Pesticide ban proposal stirs up a hornets’ nest
Jun. 30, 2020
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> Following representations from industry, the farm ministry had lifted the ban on export of these 27 molecules
> Activists, advocating a ban, argue that at least 17 of the 27 molecules did not undergo bio-safety assessment
A draft order which proposes to ban pesticides widely used in agriculture has kicked off a storm with central ministries at loggerheads with each other and advocacy groups asking for the enforcement of the ban following repeated instances of pesticide poisoning.
On last Thursday, the Association for Sustainable and Holistic Agriculture (ASHA), a farm policy advocacy group, wrote to the secretary at the ministry of chemicals and fertilisers alleging it was "acting as a partisan front of the industry" at the cost of the "right to life" of agricultural labourers and farmers.
The bone of contention is a 2 June letter, sent by the chemicals department to the agriculture ministry, which observed that a "sudden ban" will not only render "investments (by the industry) wasteful but also cause loss of export earnings for India."
On 14 May, the agriculture ministry had issued a draft order banning manufacture and sale of 27 pesticides which are "likely to involve risk to human beings and animals."
One of reasons behind the ban was manufacturers not submitting complete data on resurgence (of pests), toxicity and bio-efficacy. The order followed recommendations of an expert committee which had submitted its report in December 2015.
Among the 27 molecules is monocrotophos, a red-triangle (extremely toxic) and widely-used pesticide, which is banned in 112 countries including the European Union, United Kingdom, Brazil ,and China. In 2017, several deaths and poisonings from use of monocrotophos were reported from Tamil Nadu and Maharashtra.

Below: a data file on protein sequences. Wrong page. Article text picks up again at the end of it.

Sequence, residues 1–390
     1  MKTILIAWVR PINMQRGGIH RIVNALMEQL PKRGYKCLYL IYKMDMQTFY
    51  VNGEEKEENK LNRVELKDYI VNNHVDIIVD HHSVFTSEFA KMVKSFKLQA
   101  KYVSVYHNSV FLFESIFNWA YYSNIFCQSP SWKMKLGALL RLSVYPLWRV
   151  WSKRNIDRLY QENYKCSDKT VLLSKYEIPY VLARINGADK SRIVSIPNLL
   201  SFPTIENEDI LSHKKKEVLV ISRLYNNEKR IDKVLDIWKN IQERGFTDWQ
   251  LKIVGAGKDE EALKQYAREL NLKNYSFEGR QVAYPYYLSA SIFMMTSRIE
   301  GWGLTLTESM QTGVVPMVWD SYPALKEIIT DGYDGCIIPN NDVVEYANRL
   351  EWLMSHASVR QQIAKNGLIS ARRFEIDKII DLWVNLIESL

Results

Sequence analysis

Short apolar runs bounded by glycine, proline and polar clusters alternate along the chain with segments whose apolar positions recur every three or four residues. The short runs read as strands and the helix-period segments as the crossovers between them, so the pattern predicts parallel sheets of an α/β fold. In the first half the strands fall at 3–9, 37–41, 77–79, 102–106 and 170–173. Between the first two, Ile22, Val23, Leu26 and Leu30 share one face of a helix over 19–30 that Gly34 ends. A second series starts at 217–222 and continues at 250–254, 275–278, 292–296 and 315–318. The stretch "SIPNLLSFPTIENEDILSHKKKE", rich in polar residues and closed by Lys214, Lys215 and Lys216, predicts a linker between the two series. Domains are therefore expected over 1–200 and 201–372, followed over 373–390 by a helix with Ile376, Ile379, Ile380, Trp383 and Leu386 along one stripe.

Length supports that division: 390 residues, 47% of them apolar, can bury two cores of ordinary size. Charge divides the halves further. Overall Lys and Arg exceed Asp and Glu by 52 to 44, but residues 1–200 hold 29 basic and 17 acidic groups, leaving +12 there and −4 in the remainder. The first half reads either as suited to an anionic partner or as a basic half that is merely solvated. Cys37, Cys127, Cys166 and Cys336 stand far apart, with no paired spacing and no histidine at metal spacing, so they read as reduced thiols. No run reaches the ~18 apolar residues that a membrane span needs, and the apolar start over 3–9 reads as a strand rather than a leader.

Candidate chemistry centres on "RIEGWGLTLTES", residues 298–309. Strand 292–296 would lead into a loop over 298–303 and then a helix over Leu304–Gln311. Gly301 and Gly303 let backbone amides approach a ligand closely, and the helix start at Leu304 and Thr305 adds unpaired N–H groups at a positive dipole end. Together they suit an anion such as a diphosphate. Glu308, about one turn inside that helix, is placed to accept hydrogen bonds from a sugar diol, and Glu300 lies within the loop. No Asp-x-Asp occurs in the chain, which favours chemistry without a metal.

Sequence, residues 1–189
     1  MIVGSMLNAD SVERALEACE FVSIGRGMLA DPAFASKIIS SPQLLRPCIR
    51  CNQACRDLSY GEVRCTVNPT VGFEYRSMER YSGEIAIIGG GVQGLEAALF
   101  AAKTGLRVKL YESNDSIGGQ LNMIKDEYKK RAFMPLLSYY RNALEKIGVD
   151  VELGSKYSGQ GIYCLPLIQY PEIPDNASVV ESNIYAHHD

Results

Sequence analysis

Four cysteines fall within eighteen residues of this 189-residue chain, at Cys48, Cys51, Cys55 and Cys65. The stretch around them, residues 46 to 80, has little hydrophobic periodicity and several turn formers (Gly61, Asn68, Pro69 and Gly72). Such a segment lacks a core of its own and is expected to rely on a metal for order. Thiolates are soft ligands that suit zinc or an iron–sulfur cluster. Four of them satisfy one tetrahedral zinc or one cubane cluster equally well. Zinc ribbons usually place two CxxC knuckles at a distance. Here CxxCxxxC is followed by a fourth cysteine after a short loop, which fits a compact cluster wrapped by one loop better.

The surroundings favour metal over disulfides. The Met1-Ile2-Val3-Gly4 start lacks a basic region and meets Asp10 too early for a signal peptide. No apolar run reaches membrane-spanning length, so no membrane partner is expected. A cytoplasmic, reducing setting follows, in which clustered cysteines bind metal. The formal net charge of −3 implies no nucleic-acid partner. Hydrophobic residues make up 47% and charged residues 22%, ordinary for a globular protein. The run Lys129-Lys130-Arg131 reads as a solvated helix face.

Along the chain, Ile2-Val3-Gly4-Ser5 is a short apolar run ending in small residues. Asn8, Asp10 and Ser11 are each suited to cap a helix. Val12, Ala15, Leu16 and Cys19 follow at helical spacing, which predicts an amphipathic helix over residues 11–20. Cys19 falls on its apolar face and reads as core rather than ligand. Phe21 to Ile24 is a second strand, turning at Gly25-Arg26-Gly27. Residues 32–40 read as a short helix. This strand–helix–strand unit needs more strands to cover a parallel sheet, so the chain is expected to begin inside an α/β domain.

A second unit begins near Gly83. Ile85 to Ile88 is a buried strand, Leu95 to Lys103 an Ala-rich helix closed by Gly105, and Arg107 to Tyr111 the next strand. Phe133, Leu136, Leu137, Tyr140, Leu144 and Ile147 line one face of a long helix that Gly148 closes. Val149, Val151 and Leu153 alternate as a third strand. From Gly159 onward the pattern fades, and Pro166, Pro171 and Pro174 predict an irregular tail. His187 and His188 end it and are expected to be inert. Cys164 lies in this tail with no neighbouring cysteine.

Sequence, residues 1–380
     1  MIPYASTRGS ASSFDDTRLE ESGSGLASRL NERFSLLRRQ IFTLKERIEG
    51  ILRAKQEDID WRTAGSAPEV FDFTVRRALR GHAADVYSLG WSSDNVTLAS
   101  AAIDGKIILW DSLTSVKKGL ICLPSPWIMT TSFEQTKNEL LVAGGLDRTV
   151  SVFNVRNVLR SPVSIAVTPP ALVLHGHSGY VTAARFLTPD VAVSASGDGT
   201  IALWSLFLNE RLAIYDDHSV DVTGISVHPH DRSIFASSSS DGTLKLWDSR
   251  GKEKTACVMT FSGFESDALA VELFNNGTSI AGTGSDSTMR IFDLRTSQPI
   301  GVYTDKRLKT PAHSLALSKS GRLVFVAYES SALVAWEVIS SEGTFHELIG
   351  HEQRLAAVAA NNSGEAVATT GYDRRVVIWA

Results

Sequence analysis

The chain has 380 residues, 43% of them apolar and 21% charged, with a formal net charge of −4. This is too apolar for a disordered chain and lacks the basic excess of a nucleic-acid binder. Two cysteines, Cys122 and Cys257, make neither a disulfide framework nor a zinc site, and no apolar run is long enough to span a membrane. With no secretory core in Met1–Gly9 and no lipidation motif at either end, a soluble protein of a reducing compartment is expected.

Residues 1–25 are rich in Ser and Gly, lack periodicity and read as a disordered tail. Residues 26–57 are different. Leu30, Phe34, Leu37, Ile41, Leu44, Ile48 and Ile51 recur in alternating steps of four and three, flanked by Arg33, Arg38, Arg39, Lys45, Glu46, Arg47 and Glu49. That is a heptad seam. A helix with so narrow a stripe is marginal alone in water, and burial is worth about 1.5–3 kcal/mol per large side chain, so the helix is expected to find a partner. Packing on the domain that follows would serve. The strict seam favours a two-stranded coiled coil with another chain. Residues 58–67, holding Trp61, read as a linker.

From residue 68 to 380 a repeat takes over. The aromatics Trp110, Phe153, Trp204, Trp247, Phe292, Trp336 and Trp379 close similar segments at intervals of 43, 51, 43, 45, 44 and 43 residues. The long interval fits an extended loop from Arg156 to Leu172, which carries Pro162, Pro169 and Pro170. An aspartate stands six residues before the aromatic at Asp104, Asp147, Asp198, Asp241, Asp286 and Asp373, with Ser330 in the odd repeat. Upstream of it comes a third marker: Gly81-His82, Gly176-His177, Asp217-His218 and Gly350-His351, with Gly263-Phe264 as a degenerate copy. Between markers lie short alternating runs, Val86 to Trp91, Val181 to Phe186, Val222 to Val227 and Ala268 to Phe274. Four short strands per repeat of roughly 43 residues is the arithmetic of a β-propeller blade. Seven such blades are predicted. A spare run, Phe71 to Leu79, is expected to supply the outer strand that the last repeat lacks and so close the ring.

Malathion, labelled as a blue triangle (moderately toxic) pesticide and currently used to control trans-boundary incursion of locust swarms, also figures in the proposed list.
"There is no reason for the agriculture ministry to ban blue and green triangle pesticides which are relatively safer. The ban will impact emergency control of invasive pests like locusts and widespread use of fungicides (like thiram) for seed treatment," said Bhagirath Choudhary, founder director at the South Asia Biotechnology Center.
"The 27 generic molecules are used to manufacture more than 130 formulations. They cannot be suddenly banned," Choudhary added.
Following representations from the pesticides industry, the agriculture ministry had lifted the ban on export of these 27 molecules on 10 June. The ministry also extended the date to submit comments on the draft order by three months, from the 45 days it had mandated earlier.
“The agriculture ministry took a hasty decision. The industry has already submitted 80% of the required data and we are working closely with the ministry on fulfilling the remaining gaps," said Rajesh Aggarwal, managing director of Insecticides India Ltd.
According to Aggarwal, only allowing export of the 27 molecules will make the industry lose its global competence in the generics market. Currently, the domestic pesticide industry is valued at ₹40,000 crore annually, with half of revenues coming from exports.
"We are hopeful that following discussions with the ministry we will be able to save most of the 27 molecules. This will benefit small and marginal farmers in India who depend on cheaper generic pesticides," Aggarwal said.
Activists, advocating a ban, however, argue that at least 17 of the 27 molecules did not undergo bio-safety assessment and were ‘deemed to be registered’ when India brought in the Insecticides Act way back in 1968. "If data to prove the safety of these pesticides are available it should be put out in the public domain for independent scientific scrutiny," said Kavitha Kuruganti, co-convenor of ASHA.
"Short term profits for the industry cannot be the reason to take away the Right to Life of agricultural workers and farmers or to do irreparable harm to the environment," Kuruganti added.
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